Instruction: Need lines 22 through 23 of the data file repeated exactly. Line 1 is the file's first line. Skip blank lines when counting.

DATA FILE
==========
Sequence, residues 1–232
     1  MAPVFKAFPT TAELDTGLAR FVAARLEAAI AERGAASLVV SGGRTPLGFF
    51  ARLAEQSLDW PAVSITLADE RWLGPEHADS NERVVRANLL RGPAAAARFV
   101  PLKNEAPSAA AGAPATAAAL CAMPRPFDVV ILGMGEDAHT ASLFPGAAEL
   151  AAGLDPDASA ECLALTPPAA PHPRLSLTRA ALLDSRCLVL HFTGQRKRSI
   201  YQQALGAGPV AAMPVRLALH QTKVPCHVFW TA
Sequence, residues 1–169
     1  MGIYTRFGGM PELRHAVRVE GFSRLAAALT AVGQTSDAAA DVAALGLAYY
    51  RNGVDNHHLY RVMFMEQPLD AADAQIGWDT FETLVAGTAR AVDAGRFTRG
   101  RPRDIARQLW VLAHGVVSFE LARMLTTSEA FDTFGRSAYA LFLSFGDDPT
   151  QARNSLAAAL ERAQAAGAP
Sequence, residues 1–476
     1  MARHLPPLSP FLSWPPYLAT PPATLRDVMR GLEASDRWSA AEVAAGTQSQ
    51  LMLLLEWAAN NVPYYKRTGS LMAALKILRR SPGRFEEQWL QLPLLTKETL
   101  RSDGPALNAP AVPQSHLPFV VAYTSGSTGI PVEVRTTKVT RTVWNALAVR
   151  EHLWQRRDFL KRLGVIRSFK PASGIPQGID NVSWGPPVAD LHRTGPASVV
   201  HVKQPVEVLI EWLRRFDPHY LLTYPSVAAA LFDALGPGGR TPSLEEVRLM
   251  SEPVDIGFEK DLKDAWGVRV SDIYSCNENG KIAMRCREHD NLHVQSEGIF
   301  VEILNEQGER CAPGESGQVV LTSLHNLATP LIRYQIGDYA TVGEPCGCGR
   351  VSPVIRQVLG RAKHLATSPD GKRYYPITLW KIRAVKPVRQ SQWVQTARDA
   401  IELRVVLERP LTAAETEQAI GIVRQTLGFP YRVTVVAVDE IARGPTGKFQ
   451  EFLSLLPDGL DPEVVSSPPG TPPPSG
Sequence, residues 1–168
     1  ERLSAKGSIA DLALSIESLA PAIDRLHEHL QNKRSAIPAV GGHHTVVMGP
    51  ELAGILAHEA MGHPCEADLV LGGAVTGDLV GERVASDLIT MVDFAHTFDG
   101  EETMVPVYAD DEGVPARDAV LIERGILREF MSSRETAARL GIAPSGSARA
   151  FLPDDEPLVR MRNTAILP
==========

   451  EFLSLLPDGL DPEVVSSPPG TPPPSG
Sequence, residues 1–168